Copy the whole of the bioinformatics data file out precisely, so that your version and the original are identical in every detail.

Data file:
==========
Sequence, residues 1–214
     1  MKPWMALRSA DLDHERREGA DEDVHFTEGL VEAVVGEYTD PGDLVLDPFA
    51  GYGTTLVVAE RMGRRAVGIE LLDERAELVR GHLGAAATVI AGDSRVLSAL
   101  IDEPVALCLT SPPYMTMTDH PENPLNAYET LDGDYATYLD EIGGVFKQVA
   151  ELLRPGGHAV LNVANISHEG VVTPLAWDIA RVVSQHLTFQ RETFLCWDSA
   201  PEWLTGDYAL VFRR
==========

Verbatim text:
Sequence, residues 1–214
     1  MKPWMALRSA DLDHERREGA DEDVHFTEGL VEAVVGEYTD PGDLVLDPFA
    51  GYGTTLVVAE RMGRRAVGIE LLDERAELVR GHLGAAATVI AGDSRVLSAL
   101  IDEPVALCLT SPPYMTMTDH PENPLNAYET LDGDYATYLD EIGGVFKQVA
   151  ELLRPGGHAV LNVANISHEG VVTPLAWDIA RVVSQHLTFQ RETFLCWDSA
   201  PEWLTGDYAL VFRR